BONES Redux: Our Top 5 Moments From “The Woman in the Whirlpool”

booth meeting

Hey, Bones fans! So, when we last left B&B, Brennan had kicked Booth out of the house. Let’s see how things are going. Here are your Bones Top Five Moments!

Booth’s in Recovery – sort of
After a meeting, Booth’s sponsor tries to get him to share, but he thinks just showing up is good enough, and please tell Brennan how good I’m doing. Yeah, as his sponsor says, that’s not how it works. Maybe he’s been away so long, he doesn’t remember.

Jessica, who started out less annoying, then goes off the charts when she suggests to Brennan that if the benefits of one mate diminishes, she should hunt for another. Jessica gets a Cam warning but insists on “supporting” Brennan who TOTALLY puts her in her place by stating 1. She doesn’t need her own situation explained to her and 2. Her support will not hasten its resolution. Also, it won’t stop Booth’s incessant calls. I will give her points for later apologizing.

Hodgins totally personalizes the whole situation. I guess this is the second week in a row where after ten years, people suddenly realize they work with dead bodies and murder. Now he thinks the deterioration of the B&B marriage has to do with their line of work, even though B&B met, got into a relationship due to being partnered together, got married, and have a daughter with another one on the way, all while doing the work they do. But Angela agrees, because…I have no idea.

Brennan goes to the diner to pick up her food to go, and of course, JoAnne is nowhere to be found. Neither is their good friend, Frankie. Who is there is Booth. He gets her to make the takeout an eat-in and to sit next to him. But then he proceeds to piss off Brennan by calling what he did a mistake. Yeah, putting your wife, unborn child, and daughter at risk is not a mistake. And not owning up to the propensity of your eff-up is no way to recover or make amends. Aaaaand, it turns back into a to-go order. But before Brennan leaves she does say she loves him.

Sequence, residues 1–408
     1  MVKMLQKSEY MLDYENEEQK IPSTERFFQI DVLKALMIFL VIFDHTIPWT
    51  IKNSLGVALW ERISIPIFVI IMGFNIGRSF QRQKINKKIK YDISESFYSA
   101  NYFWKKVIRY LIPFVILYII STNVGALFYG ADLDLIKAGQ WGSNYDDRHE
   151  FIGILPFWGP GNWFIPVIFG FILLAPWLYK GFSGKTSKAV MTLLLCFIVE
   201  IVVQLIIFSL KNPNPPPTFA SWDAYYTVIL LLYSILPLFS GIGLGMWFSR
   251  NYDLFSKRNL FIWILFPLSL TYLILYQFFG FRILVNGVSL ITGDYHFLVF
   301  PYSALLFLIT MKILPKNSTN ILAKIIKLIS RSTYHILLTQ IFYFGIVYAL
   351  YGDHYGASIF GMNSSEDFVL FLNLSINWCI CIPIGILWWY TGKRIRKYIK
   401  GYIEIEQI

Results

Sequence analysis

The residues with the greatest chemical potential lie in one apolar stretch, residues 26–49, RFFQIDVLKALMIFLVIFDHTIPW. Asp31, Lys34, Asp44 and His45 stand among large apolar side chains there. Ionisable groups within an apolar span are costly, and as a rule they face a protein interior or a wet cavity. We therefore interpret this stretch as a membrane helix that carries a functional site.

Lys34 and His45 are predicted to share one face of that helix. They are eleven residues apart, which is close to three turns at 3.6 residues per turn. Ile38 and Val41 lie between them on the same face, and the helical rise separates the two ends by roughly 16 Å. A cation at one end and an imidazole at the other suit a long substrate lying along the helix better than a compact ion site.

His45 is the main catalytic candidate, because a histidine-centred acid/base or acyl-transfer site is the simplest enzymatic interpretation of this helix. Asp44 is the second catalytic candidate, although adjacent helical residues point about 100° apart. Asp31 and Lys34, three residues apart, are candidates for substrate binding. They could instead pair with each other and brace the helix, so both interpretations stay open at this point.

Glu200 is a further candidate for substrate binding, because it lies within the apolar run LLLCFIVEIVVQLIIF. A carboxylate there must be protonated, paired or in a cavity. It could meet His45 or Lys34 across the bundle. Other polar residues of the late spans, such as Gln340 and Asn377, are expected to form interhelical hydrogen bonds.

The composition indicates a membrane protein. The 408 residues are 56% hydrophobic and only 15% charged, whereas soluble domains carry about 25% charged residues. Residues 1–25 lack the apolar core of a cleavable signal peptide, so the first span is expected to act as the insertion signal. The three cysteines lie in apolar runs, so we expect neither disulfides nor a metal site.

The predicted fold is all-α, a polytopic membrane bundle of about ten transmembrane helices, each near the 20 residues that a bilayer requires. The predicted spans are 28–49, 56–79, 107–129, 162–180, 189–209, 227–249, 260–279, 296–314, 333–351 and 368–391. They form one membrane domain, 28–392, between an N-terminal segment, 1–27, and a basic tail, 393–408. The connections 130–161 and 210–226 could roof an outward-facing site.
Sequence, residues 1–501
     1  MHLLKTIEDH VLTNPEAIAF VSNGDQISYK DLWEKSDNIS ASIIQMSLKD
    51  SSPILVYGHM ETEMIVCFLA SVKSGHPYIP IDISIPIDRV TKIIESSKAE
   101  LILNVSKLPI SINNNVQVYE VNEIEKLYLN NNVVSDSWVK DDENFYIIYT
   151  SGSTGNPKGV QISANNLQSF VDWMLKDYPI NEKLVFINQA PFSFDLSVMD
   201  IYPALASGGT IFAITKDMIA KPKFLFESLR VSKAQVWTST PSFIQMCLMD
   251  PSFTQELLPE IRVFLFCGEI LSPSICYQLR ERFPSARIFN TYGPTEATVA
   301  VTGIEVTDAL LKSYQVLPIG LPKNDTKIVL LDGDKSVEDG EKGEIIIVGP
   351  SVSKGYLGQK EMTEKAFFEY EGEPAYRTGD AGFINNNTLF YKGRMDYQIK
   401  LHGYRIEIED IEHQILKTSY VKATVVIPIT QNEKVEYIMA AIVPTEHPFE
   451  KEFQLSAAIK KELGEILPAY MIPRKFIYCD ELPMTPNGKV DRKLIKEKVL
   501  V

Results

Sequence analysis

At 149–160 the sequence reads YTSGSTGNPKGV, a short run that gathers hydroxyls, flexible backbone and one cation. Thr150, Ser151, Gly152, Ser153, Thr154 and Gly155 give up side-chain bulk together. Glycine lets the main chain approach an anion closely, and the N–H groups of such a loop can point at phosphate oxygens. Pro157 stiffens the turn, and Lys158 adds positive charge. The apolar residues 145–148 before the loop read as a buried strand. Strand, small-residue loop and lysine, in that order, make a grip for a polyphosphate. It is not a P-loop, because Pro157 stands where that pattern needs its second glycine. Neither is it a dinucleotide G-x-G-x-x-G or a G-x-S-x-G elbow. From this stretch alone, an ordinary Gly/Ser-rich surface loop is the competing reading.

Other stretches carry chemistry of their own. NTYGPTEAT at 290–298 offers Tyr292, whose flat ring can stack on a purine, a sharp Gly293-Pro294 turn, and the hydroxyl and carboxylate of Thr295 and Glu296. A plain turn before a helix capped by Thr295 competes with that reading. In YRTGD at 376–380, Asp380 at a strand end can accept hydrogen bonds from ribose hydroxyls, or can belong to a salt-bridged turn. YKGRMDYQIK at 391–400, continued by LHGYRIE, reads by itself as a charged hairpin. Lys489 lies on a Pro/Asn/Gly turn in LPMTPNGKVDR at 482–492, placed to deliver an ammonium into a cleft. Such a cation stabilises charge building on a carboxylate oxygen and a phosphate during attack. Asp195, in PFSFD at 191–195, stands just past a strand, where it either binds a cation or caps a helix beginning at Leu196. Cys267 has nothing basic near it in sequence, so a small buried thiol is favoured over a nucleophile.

Corpse of the Week!
Booth is still on the job, but Brennan isn’t at the scene, so the only awkward comes when Aubrey asks how his meeting went. I’m with Booth when he says it’s anonymous for a reason. But that’s all forgotten in the hunt for the corpse’s arm. Hodgins sends one of his fancy gadgets in to the Potomac to find it, but all it finds is junk people have thrown in there, to which Aubrey remarks about maybe people wanting to take care of the only planet we have. No joke, brother. And when it gets caught on some weeds, Hodgins has to fish it out anyway. As he pulls aside the weeds and corpsehand creepily reaches out to him, we both scream.

Through embroidery on the shirt pocket and Angela’s magical computer, they find out the deceased worked at Thompson Hardware and is named Leslie. Thompson says she was his best employee. He tried to promote her, but she was too wrapped up in her grown daughter, Courtney, age twenty, who still lives with her and didn’t report her missing after four days.

Booth and Aubrey go to question Courtney who it turns out has been living in the dorms. She’s at the house cleaning out her stuff when Booth informs her of her mother’s death. She’s devastated but does say their relationship was strained due to mom obsessing over her jars. I’ll admit to some curiosity here. And okay, they’re cookie jars. Really ugly cookie jars. If she wasn’t cleaning them, she was cataloging them or going to collector conventions. Courtney stayed as far away from the jar lunatics as she could. It turns out those old jars could be responsible for her slow poisoning. They apparently weren’t glazed too well. Lead paint. I guess she didn’t think to wear some gloves.

On top of slowly poisoning herself, Leslie also experienced a glancing gunshot to the head twenty years previous. If it weren’t for bad luck, Leslie would have had no luck at all. And OH GOOD, isn’t it convenient how our COTW was able to tie in so well to Booth’s story. Seems where the bullet hit her was where she would decide what is and isn’t worth saving, and Jessica says it’s the source of addiction. My eyes roll of their own volition.